Singapore signs free trade agreement with Chile, Colombia, Mexico and Peru


SINGAPORE – A free trade agreement reached on Wednesday (January 26) between Singapore and a bloc of countries made up of Chile, Colombia, Mexico and Peru should give the Republic better access to what is collectively the world’s eighth largest economy, removing most tariffs on goods and allowing local businesses to bid on government projects in the Americas.

The Pacific Alliance-Singapore Free Trade Agreement, or Pasfta, is Singapore’s first direct FTA with the Pacific Alliance, a bloc with a combined gross domestic product of more than $2.6 trillion.

It caps negotiations that have lasted more than four years and is the first to be completed as the Pacific Alliance pursues similar talks with Australia, Canada, Japan and New Zealand.

Welcoming the success of the talks, Prime Minister Lee Hsien Loong said in pre-recorded remarks for the 16th Pacific Alliance Summit on Wednesday: “This is a historic moment in Singapore’s partnership with the Pacific Alliance. Our two regions are actually more connected. that people imagine.

“Let’s encourage our companies and our people to take advantage of this strengthened relationship to explore opportunities in each other’s regions.”

More than 100 Singaporean companies currently operate in the Pacific Alliance, including e-commerce platform Shopee and high-tech software company Taiger.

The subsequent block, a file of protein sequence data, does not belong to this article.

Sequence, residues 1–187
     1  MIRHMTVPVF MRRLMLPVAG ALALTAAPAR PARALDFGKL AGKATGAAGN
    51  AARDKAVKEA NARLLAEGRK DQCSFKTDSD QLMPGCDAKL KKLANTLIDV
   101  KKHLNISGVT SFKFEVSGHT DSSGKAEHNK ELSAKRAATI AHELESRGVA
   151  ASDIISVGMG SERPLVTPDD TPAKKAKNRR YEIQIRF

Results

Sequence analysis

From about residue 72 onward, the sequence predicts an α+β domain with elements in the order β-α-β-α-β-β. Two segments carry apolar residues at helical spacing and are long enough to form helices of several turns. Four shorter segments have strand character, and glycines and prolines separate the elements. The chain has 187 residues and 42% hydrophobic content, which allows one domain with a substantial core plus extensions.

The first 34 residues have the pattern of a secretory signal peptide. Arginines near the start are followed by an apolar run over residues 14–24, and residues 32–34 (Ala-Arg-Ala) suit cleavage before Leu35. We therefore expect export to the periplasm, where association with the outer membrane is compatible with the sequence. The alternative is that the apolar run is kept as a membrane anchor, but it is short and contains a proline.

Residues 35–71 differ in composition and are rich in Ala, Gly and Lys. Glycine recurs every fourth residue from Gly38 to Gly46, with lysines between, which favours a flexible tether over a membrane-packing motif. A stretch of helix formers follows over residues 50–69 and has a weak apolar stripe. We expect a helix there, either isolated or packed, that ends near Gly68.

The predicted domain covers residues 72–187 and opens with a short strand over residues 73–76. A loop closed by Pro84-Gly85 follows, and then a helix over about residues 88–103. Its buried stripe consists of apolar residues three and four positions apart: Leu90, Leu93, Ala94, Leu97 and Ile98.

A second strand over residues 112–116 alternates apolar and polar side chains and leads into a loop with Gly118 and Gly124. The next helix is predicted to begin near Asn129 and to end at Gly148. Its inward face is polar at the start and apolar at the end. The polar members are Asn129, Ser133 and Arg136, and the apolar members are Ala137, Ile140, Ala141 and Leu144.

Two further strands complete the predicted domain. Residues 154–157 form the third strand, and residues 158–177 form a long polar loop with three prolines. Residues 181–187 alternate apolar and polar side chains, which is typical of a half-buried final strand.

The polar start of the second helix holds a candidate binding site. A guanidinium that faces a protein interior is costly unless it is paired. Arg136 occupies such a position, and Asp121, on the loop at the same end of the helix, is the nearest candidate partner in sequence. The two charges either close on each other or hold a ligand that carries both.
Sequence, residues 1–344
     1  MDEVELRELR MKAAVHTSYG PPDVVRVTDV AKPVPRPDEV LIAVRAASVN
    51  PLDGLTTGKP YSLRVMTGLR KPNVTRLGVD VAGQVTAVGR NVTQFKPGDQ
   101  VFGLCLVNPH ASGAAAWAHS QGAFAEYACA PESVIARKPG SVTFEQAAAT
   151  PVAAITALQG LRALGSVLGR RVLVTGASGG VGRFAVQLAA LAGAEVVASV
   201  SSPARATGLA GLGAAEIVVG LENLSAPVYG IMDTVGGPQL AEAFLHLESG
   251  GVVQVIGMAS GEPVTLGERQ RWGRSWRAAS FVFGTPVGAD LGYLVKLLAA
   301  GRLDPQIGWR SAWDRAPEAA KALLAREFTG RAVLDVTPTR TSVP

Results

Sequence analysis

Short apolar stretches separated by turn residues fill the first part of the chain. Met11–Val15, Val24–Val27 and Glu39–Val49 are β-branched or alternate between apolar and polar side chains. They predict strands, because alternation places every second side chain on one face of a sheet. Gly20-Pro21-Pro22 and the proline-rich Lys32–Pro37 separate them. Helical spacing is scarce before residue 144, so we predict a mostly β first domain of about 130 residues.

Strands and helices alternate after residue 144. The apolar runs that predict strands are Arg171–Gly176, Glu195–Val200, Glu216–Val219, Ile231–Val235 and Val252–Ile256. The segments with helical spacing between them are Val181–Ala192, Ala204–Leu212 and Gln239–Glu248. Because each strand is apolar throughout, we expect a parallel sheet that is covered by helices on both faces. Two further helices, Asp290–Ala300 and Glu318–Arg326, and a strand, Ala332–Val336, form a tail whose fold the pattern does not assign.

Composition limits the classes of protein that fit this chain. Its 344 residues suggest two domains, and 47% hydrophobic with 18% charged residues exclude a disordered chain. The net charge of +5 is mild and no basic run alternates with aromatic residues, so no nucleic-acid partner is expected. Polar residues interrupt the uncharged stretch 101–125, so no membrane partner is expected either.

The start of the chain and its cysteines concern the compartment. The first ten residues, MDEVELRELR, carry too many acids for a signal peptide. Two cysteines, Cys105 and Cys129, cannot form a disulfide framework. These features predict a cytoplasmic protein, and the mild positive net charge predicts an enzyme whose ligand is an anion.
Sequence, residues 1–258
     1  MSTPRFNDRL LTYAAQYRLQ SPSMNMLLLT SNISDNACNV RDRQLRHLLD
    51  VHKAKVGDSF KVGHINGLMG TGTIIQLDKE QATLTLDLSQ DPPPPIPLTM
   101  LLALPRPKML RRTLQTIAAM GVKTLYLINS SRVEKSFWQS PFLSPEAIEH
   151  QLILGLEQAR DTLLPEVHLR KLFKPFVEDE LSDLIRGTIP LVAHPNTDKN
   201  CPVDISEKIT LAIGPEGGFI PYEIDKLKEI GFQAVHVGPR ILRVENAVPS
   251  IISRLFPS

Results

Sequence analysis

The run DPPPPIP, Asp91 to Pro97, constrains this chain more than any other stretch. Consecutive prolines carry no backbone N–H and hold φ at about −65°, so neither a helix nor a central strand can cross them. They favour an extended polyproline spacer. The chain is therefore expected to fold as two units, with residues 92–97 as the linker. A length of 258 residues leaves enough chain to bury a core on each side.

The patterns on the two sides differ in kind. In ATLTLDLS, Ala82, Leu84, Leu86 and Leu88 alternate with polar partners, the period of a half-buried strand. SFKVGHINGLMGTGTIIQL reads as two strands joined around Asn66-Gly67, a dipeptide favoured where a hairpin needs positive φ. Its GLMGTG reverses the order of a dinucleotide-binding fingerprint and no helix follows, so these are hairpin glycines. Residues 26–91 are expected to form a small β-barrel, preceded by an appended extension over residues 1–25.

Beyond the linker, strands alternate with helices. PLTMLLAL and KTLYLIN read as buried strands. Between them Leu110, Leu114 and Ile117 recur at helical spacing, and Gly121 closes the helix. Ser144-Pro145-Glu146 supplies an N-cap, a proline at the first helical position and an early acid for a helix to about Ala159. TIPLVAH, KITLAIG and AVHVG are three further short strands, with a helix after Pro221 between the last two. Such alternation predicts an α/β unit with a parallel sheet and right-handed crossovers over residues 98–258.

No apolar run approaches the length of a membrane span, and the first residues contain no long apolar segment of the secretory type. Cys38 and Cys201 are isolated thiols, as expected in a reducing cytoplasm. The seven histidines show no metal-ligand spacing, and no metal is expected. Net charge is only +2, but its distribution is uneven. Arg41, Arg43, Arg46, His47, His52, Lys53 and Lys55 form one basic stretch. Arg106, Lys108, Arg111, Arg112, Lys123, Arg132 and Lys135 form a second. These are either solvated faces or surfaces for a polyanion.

The bloc’s imports include avocados from Mexico and blueberries from Peru. In return, Singapore exported machinery and minerals to Peru, jet engines and gas turbines to Chile, and vehicle parts to Colombia.

The 25-chapter FTA aims to create more opportunities for greater trade, with agricultural trade, technology and infrastructure identified as possible areas of growth.

In its current form, goods will be processed more easily through customs and service providers and investors from Singapore will be treated as favorably as those from the bloc in the Pacific Alliance countries.

Singapore and Pacific Alliance member states will also need to publish their government plans in a timely and non-discriminatory manner so that suppliers can submit a bid with ample time for preparation. Investors and business visitors can enter Pacific Alliance countries for 30 days.

If ratified by all parties, the deal is expected to have its most dramatic impact on trade between Singapore and Colombia, with which Singapore currently has no FTA.

Some 85.7% of the tariff lines the nation of 50.8 million currently has on goods from Singapore will either be reduced or removed, the Ministry of Trade and Industry (MTI) has estimated.


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